Hotel and rental chains are also taking initiative to make up for the last year with exclusive offers and innovative launches. “As many of us think of travelling again, stepping out will be about creating new memories in unique destinations nearby, or in nature. Airbnb recently launched more than 100 upgrades that include new ways for customers to discover unique nearby destinations, and easier ways to sign up to be a host,” says Amanpreet Bajaj, general manager at Airbnb India, Southeast Asia, Hong Kong, and Taiwan, about vacation trends in the survey conducted by Airbnb and YouGov.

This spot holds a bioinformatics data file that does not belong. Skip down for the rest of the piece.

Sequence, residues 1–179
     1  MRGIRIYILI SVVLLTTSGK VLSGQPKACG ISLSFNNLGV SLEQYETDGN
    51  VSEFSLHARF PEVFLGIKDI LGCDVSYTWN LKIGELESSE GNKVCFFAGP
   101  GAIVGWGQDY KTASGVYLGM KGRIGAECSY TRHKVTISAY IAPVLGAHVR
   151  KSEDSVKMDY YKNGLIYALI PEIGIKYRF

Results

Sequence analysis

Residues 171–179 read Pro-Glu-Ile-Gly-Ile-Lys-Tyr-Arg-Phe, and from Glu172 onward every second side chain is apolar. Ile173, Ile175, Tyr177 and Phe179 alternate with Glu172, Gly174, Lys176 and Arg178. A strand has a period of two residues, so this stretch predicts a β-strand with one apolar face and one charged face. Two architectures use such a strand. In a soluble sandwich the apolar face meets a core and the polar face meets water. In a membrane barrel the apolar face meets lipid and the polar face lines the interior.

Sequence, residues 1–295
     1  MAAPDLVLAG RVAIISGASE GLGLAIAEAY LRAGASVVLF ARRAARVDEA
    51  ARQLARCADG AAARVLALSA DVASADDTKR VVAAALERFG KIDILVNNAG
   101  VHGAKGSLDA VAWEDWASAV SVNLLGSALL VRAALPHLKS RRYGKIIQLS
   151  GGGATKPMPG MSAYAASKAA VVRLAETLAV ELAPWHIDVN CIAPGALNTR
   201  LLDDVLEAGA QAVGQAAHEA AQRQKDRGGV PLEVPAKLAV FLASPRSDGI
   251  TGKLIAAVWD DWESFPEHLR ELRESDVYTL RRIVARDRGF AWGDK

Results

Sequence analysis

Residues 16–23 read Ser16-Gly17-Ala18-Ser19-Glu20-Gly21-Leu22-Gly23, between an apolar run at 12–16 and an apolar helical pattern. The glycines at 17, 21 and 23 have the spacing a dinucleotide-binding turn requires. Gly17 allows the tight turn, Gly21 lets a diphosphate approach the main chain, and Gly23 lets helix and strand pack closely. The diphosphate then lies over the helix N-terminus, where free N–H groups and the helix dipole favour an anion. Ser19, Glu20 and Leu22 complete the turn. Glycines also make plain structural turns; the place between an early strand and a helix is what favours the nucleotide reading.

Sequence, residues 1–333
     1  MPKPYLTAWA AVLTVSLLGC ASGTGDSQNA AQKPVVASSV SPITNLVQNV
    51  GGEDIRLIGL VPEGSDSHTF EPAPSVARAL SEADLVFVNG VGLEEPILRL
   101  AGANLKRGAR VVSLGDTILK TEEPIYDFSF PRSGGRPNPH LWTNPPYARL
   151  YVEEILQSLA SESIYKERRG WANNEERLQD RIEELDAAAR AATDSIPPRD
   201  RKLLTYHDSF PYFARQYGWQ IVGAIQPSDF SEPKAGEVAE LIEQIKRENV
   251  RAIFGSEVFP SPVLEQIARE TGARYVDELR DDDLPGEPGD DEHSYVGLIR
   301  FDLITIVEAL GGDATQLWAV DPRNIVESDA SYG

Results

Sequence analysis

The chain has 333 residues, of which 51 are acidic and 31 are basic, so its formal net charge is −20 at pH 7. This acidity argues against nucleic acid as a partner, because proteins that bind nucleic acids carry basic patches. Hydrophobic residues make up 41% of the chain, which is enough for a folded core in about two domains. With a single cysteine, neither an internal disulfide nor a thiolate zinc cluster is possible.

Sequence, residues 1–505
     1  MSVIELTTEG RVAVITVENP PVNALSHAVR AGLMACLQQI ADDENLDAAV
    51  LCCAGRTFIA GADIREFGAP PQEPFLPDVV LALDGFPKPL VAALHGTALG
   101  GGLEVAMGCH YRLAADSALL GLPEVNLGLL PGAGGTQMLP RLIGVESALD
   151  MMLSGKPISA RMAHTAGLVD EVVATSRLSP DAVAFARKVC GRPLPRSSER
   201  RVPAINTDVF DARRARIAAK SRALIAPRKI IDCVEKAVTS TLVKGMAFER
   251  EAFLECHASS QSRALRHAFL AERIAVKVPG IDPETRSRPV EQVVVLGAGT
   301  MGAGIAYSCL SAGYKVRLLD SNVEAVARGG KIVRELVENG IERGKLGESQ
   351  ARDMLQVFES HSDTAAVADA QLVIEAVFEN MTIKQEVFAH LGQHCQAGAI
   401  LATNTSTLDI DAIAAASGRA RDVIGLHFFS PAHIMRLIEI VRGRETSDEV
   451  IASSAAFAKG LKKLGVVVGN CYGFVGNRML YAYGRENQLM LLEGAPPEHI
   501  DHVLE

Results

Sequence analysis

Speaking of change in travel habits and demand, Abhishek Sharma, general manager of Raffles Udaipur says, “We have received a very encouraging and overwhelming response in the first month of our opening. People prefer travelling to secluded domestic destinations where they can experience a slice of exclusivity. With our location in the midst of the Udai Sagar lake, on a private island, we have seen a preference from the nearby cities. We have also seen some local demand for staycations from the residents of Udaipur. People now prefer to experience a thoughtfully curated stay. We have experienced a healthy occupancy and upward trajectory in terms of bookings and occupancy rate. People are now able to travel to their desired domestic destinations, and we are optimistic that the response will continue to improve, with the festive season being around the corner.”